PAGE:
Pine-clad Agístri (‘fish hook’) or sometimes Angístri has given up its best-kept secret status; its sandy beaches and sparkling sea for snorkellers now draw crowds of Athenians at weekends (it’s only an hour from Piraeus) as well as a band of (mostly British) philhellenes in search of the basic pleasures of Greece without the glitz. Visitors tend to return often, and it can get busy in high season and on weekends.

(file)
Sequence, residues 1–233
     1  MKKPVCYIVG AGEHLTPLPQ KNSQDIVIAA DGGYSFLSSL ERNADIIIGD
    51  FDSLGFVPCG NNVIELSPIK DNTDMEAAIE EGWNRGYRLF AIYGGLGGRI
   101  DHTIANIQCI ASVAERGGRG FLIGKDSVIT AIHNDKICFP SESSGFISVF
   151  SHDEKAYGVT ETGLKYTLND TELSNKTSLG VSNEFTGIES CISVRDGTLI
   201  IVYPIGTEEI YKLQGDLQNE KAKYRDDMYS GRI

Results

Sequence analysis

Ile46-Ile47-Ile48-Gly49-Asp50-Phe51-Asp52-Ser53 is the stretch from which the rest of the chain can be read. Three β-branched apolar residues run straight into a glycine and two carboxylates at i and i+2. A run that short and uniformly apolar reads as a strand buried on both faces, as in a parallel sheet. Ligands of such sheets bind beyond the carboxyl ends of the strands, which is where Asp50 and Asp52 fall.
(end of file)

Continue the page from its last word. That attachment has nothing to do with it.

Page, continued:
Many of the 1,100 or so inhabitants are descendants from Albanian refugees (Arvanites), although even they often spent long centuries elsewhere, because of pirates and the lack of water (today it comes in on tankers); in the 1920s the island was almost uninhabited. Today 80 per cent of the island is covered in pine forests, crisscrossed by shady walking paths; only 13 sq km, it is easy to get around by foot, bike or scooter.
Images by Ggia, Lichinga, Panagiotis Botsis